Berlin is an unmade city.

Ideas and movements change direction here as rapidly as new Berliners arrive at Tegel Airport.  The huge migration of creative blood in Berlin’s direction over the last 10 years has acted as the oxygen flow that allowed Berlin’s unique cultural landscape to blossom.  Berlin exists in a perpetually restless, unmade state. Contrasted with London or New York,  which are oft-referred to as the art world’s market place, Berlin would rather see itself as a laboratory. A place to experiment where the usual financial pressures of a capital city are looser, and the gallery system places less commercial expectations on the artist.

Berlin’s turbulent history is too long, too complicated and involved to delve in to here, but it is clear it has provided a vacuum with fewer rules and conditions than most creative centres, a vacuum that creatives have endeavoured to fill over the last two decades. I’ve been living and working here for just over a year, and during that time I’ve found myself continually redefining my expectations.

Instead of writing a vague sweeping reduction of what Berlin is today (Something someone who has spent a lot more time here than me, could do a lot better) I thought i’d talk about a few of my favourite cultural spots.  Spaces, groups and exhibitions that have become highlights of my cultural experience in Berlin.

Mmx Gallery Berlin Interior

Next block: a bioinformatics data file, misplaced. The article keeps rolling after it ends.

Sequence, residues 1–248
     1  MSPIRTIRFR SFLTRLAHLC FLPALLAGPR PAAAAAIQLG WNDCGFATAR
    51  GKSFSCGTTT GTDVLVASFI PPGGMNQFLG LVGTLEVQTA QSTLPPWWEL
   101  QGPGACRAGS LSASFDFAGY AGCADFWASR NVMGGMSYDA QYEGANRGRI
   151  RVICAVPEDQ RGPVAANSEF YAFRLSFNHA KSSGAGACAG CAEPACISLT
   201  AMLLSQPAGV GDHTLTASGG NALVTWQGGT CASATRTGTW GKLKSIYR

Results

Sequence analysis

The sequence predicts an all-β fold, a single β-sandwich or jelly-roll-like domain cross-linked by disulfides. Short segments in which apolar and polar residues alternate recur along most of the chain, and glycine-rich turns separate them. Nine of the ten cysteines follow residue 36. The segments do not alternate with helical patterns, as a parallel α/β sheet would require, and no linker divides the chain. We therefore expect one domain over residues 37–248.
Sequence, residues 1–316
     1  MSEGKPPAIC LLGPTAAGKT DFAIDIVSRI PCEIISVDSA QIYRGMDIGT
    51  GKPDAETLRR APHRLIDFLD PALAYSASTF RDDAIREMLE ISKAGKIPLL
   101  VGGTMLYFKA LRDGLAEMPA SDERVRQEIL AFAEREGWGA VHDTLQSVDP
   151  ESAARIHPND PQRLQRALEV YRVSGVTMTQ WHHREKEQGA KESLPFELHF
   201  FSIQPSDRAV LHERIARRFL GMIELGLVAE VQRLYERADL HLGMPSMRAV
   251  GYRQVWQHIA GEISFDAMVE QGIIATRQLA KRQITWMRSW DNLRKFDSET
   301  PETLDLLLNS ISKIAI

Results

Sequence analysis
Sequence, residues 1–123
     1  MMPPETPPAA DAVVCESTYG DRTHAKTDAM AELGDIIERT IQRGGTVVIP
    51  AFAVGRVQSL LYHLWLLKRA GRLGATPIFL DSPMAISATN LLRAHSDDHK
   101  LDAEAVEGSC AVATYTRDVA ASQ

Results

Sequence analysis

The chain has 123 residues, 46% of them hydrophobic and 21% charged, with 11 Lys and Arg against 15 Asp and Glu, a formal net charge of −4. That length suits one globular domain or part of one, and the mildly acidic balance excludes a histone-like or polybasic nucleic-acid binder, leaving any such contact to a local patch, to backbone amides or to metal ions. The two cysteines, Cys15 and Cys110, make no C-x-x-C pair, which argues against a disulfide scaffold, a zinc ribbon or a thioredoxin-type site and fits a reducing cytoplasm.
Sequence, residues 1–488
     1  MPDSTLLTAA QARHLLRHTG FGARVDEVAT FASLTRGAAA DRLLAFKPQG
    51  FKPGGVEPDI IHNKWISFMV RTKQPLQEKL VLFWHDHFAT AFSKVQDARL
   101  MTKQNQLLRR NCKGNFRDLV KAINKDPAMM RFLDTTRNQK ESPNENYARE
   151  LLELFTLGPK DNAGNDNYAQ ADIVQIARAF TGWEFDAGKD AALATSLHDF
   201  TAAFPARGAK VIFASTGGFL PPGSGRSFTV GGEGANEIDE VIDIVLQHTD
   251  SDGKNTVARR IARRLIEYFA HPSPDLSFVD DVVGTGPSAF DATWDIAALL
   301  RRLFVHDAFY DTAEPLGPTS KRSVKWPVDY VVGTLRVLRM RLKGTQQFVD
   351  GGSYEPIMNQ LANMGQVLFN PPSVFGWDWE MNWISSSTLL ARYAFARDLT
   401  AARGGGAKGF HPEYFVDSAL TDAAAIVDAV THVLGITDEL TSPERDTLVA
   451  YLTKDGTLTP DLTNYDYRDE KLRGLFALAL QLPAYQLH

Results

MMX is an open art venue run by a small group of artists, lead by Berlin photographer Jonathan Gröger. Existing for one year only in one of the last un-renovated buildings in Mitte’s gallery district, the non for profit group host exhibitions, film screenings, lectures, and performances on a weekly basis.  MMX really reflects Berlin’s increasingly social focus on exhibiting, creating an environment where people eat, drink and interact surrounded by work of all kinds.

Their recent show “Out of Control” has attempted to draw connections between the artist-curator relationship, leading the gallery in some unexpected directions.

Each week an artists exhibits, the week after, the same artist selects and curates their replacement, for six continuous weeks. Each artist justifies their decisions and motivations for their work, and the choice of artist they selected to replace them.  Leading to some bizarrely appropriate and irregular matches from week to week, eventually finding a synchronous logic by the end.  My favourite being Ivonne Dippmann’s colossal wall illustrations in the court yard area seen below.

Ivonne Dippmann's Wall Illustrations at MMX

The fact MMX will exist for one year only reiterates the temporary nature of Berlin’s art scene, rarely providing opportunity for complacency.

Salon Poppulaire Venue

‘Salon Poppulaire’ is a bit of a Berlin secret. An exclusive meeting point for conversation on art and neighboring topics, for the convergence of different ideas, positions and contexts. Organised by the curatorial group ‘The Office’,  they Invite a host of different speakers to extrapolate on a theme, be they artist, curator or writer. They not only provide interesting speakers and topics, but the setting is one of west Berlin’s most renowned galleries.  Topics such as ‘Discussions on friendship’  or “Faith and Money in art” take on a new surreal value when discussed in a space casually populated with artworks by Berlin’s Zeitgeist.